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Rugby jewels emerge from Mbare

The story of Zimbabwe junior rugby cannot be complete without mentioning Mbare Rugby Academy, an institution that has transcended the boundary of limitation, emerging from an area synonymous with poverty, crime and all forms of societal ills to become one of the best sporting academies in the country.

Munyaradzi Madzokere

Only last year Zimbabwe Cheetahs speedster 23-year-old Stephen Hunduza, a product of Mbare, captured the imagination of the rugby world on his international debut in Hong Kong, running in three tries as Zimbabwe clobbered Barbados 49-5.

Other accomplished players from this unlikely location include former Cheetahs captain and coach Gilbert Nyamutsamba, Germany-based Manasa Sita, Njabulo Ndhlovu and Samson Mukuku who plays for Old Hararians, to mention but a few.

Currently boasting of at least 150 future stars, Mbare Academy ironically has no proper home. They operate from the home of one of the academy’s founder members Victor Pekani and use Harare Sports Club for training because they do not have a training ground of their own.

Many children from Mbare have secured scholarships into some of the top rugby playing schools in Harare including Churchill, Prince Edward (PE), Kyle College and Vainona.

“It was rare to see children from Mbare going to such top schools as Churchill, which was the first top school to accept our children, but right now we have a lot of children in other very good schools, which is good for their rugby development,” said Pekani, who is one of the directors.

“Currently we have eight of our kids at Churchill, three at Prince Edward, four at Kyle College while Vainona has the bulk of our academy kids with a total of 45, both boys and girls on scholarship,” he added.

But things have been far from rosy for the Mbare-based academy, which is facing all sorts of challenges. The academy receives little support from former Zimbabwe Rugby Union president Themba Sibanda and a few others, without which there would probably be no academy to talk about.

Mbare Academy was formed in 2000 when Pekani, one of the coaches Milton Rankeni, Tawanda Mandizvidza and a few others decided to start an academy to keep the children from the crime-prone community off the streets and to instill discipline through playing rugby.

While publicity has brought impressive results on the field of play, the academy aims higher.

“First of all, we need support that comes from the parents and then support from the corporate world for us to achieve our goals. What we would really want is our own training ground here in Mbare. Harare Sports Club has availed theirs to us but they can take it away anytime,” Pekani said.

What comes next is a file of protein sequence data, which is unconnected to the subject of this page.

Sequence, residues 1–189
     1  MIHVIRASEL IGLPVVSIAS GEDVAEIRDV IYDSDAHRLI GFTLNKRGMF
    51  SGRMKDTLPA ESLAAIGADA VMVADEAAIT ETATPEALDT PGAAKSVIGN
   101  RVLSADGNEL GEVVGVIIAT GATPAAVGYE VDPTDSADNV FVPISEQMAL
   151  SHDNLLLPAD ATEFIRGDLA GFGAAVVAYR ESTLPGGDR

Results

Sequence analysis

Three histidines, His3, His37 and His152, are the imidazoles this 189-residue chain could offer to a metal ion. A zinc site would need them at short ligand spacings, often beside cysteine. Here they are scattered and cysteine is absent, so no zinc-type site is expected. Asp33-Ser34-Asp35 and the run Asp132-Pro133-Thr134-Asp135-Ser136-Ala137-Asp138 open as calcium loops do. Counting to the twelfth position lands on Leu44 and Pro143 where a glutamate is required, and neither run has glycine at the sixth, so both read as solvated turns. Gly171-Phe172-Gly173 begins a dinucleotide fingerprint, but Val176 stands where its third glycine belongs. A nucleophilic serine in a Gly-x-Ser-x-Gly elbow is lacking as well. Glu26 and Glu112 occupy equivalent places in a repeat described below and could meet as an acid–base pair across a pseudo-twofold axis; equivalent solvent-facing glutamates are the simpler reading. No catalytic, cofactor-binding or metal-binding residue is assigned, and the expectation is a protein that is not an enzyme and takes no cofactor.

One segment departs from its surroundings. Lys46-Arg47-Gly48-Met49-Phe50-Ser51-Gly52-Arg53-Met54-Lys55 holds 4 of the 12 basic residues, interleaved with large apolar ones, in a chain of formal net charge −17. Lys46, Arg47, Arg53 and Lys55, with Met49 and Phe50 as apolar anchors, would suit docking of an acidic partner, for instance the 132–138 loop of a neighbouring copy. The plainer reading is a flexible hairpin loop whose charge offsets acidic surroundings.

In Mbare, the academy sometimes uses a council pitch near Stoddart Hall for training, which is untenable especially as local football clubs also train there, a situation that creates confusion.

Mbare Academy has produced many players who are plying their trade in South Africa such as Marshall Mandizvidza, Reason Phiri, Howard Tigere, Innocent Vito and Kudzanayi Munangi, among others.

Since they started competing with others schools back in 2010, Mbare Academy has taken at least 26 local titles while their Under-16 men’s team is virtually unbeatable. The Vainona High ladies’ rugby team made up of players from the academy is highly rated.

“Surprisingly, most of our drills are not from the book. We always visit other clubs and coaches just to see how they do their training and we have realised that our techniques are more superior. As such, we have a lot of youngsters from PE, St Johns and other top schools coming to join our training camps during the holidays,” the former Mbare High student said.

The academy has been invited to Botswana this month where they will engage an as-yet-unnamed club in Francistown before playing two more games in Gaborone.

In 2013, a CBZ powered Mbare Rugby Academy’s Under-18 team was invited to the annual Nashua Middelburg Sevens tournament in South Africa where they gave a good account of themselves.

While the Under-16 teams dominate at the annual Dairibord Rugby Festival, they are not eligible to play in the top schools league.

“Our greatest desire is to finally have our own club playing in the national rugby league and that’s where we are going. We would also love to be able to play in the top schools league as well as enter tournaments where we may also compete,” said the Mbare Academy director.

Taking care of players ranging between six to 19 years of age, the academy was registered with Zimbabwe Rugby Union in 2007 and is well-known for performing the haka before games.

A haka is a traditional ancestral war cry, dance or challenge of the Maori people of New Zealand which the New Zealand national rugby union team, the “All Blacks” has adopted and performs at the international rugby stage.

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